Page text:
Despite the warm fertile lowlands that lie in the east of the country, nearly half of the Bolivian population are scattered across the windswept Andean region, where their rich and ancient cultures continue to flourish in harsh environmental conditions.
[maplist locationstoshow=”3182, 3183, 3186, 3188, 3229, 3231, 3233, 3235, 3237″ simplesearch=”true” locationsperpage=”3″]
Bolivia has a landmass of 1.1 million square kilometers and is surrounded by its Latin American neighbours – boarders are shared with Brazil to the North and East, Argentina and Paraguay to the South and Chile to the Southwest and Peru to the Northwest. As of 2015, the landlocked nation had a population of 11 million people, with 70% of locals living in the three largest cities of Santa Cruz, Cochabamba and La Paz. The capital is Sucre.
Lake Titicaca, the world’s highest navigable body of water in the world, is the focal point of many indigenous peoples’ creation myths. Once said to have been the resting place of the Inca Sun Deity, Inti, today it is home to the famous floating islands – giant mobile rafts made of reeds that are home to whole villages.
Despite the repeated political upheavals that have dogged the region as a whole, Bolivians have a strong sense of tradition and connection to their landlocked country, the highest and most isolated in the continent.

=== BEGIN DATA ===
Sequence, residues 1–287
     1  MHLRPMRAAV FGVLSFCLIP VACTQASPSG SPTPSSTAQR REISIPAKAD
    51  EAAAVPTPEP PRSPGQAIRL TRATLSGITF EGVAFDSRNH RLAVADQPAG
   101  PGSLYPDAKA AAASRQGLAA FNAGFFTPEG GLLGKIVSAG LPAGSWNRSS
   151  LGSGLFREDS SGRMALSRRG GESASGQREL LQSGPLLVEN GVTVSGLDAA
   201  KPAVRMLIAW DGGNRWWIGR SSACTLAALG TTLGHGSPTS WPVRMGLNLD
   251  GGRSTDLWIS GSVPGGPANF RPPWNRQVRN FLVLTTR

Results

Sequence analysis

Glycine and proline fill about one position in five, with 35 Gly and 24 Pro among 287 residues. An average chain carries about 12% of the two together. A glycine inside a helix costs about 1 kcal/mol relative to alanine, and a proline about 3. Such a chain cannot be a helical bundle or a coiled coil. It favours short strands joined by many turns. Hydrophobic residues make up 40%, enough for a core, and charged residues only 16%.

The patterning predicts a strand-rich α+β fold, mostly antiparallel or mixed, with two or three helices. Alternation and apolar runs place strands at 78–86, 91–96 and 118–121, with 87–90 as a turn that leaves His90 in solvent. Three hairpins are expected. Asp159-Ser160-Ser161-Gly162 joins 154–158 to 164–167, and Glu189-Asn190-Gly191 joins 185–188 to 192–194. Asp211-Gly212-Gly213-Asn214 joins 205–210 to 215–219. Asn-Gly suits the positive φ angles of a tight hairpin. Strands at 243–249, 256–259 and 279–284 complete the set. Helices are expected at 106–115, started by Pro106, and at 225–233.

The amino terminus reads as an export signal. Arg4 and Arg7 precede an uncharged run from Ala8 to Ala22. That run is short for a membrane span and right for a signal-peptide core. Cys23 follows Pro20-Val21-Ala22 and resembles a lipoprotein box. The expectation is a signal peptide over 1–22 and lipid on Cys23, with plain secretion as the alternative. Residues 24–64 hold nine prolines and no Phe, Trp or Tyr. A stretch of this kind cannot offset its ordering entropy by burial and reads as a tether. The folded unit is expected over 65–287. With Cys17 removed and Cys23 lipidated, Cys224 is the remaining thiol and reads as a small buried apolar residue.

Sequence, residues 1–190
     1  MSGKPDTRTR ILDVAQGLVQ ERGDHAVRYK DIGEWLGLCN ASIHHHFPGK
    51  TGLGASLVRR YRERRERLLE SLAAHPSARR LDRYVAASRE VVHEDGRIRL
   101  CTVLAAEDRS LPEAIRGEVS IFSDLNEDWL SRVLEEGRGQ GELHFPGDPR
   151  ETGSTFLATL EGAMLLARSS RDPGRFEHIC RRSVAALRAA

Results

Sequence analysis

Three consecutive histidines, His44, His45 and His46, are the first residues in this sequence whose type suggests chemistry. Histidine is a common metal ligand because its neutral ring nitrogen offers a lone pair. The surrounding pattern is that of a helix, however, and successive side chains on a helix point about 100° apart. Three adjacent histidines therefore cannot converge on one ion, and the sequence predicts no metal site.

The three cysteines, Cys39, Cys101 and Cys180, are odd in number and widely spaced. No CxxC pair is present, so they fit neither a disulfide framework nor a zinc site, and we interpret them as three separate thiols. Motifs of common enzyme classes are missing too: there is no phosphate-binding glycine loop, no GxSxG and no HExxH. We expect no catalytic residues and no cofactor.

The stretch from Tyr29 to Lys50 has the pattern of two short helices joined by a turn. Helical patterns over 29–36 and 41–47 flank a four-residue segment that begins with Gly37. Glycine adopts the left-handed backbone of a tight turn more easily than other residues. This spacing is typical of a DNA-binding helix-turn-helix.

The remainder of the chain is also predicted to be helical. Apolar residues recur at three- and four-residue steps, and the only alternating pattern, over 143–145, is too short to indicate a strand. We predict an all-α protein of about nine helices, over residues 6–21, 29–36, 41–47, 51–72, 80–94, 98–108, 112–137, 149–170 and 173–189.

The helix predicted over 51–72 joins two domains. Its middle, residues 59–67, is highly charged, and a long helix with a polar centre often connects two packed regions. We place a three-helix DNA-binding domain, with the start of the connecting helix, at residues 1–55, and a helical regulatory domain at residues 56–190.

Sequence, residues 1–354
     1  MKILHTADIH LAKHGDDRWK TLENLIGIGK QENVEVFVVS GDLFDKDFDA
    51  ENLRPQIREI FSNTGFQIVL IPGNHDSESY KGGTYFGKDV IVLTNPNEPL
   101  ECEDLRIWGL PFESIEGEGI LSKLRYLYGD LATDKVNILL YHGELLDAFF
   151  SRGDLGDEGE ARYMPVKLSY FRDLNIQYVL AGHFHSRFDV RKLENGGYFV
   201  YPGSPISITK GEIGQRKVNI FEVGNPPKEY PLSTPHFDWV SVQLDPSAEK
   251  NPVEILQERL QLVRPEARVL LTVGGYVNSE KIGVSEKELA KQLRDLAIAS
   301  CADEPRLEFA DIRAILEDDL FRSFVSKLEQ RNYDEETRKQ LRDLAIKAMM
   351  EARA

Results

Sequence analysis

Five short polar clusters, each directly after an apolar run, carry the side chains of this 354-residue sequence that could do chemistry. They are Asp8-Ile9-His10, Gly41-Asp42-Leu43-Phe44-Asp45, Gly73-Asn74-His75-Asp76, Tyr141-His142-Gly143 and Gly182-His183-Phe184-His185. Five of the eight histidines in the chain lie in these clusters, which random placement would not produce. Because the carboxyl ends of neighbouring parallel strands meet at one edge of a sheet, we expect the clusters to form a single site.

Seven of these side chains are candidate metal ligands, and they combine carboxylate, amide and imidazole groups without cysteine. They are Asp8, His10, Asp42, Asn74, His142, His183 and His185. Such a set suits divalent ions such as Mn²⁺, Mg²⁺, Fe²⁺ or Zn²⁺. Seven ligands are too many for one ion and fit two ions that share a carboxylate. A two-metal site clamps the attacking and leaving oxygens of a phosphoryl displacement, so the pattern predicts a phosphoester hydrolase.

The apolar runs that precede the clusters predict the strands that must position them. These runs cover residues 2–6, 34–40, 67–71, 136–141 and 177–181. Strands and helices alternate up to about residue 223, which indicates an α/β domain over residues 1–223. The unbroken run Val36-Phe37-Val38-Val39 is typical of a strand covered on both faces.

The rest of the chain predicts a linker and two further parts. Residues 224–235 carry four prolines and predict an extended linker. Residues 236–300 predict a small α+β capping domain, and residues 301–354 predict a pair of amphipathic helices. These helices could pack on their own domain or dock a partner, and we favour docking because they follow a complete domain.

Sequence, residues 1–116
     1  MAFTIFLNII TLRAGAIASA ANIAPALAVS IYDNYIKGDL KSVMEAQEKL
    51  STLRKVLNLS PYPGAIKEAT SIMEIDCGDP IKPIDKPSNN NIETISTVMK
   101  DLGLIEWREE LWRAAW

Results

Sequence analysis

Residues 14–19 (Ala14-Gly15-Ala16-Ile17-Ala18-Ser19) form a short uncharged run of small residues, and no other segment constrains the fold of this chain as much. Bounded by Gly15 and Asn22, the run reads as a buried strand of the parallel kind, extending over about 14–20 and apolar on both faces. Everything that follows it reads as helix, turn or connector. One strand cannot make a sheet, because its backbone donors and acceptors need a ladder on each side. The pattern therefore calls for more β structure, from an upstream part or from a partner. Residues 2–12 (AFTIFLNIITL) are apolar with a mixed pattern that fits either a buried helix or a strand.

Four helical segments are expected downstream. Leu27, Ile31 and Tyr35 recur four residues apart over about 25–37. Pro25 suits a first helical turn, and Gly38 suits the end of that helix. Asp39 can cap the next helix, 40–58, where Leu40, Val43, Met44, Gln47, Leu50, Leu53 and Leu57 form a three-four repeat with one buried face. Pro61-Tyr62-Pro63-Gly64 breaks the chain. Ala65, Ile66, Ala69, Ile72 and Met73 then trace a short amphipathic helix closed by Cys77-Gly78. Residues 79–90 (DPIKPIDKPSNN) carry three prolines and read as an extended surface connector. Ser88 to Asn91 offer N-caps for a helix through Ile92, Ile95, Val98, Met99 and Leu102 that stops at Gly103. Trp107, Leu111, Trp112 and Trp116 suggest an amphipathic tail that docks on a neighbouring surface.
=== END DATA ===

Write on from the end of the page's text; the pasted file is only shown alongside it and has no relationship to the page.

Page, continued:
Bolivia has the highest proportion of native language to Spanish speakers in the whole of South America (over two-thirds), and her people display the same natural pride in their music, dress and rituals, which survived and absorbed Catholic Spanish culture from the centuries of colonization with remarkable vigour. Back in 2005, when Evo Morales became the first fully indigenous head of state in South America, it marked a real turning point, and other indigenous leaders have since followed him.
In 2013, Bolivia welcomed 800,000 international visitors. The salt flats and Atacama Desert are the highlight of many visits: the wind carved rocks and spectacularly coloured lakes populated by flamingos have become something of a Mecca for backpackers. A traveller can also venture deep below the world’s highest city, Potosí, in working tin mines that were originally dug by the Spanish who were in search of silver.
Like Peru and Ecuador, Bolivia has a stunning natural variety; a descent down what is reputed to be the world’s most dangerous road will lead the adventurous traveller from the Andean Highlands to the northern marsh lands or the most accessible parts of the primary Amazon jungle in just a matter of hours.